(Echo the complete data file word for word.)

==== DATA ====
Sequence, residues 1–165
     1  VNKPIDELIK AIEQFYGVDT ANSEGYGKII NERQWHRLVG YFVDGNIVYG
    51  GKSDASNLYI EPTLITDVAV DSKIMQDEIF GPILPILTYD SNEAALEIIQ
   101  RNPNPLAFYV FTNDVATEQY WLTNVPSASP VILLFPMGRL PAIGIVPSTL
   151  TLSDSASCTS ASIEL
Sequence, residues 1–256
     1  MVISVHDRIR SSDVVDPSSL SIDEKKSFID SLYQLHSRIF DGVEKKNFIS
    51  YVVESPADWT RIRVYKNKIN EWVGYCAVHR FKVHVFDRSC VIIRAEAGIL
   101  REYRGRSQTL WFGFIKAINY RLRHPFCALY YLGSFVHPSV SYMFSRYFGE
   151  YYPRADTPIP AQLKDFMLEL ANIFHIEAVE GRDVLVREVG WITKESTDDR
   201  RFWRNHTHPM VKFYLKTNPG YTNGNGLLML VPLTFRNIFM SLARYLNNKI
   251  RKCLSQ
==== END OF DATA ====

Sequence, residues 1–165
     1  VNKPIDELIK AIEQFYGVDT ANSEGYGKII NERQWHRLVG YFVDGNIVYG
    51  GKSDASNLYI EPTLITDVAV DSKIMQDEIF GPILPILTYD SNEAALEIIQ
   101  RNPNPLAFYV FTNDVATEQY WLTNVPSASP VILLFPMGRL PAIGIVPSTL
   151  TLSDSASCTS ASIEL
Sequence, residues 1–256
     1  MVISVHDRIR SSDVVDPSSL SIDEKKSFID SLYQLHSRIF DGVEKKNFIS
    51  YVVESPADWT RIRVYKNKIN EWVGYCAVHR FKVHVFDRSC VIIRAEAGIL
   101  REYRGRSQTL WFGFIKAINY RLRHPFCALY YLGSFVHPSV SYMFSRYFGE
   151  YYPRADTPIP AQLKDFMLEL ANIFHIEAVE GRDVLVREVG WITKESTDDR
   201  RFWRNHTHPM VKFYLKTNPG YTNGNGLLML VPLTFRNIFM SLARYLNNKI
   251  RKCLSQ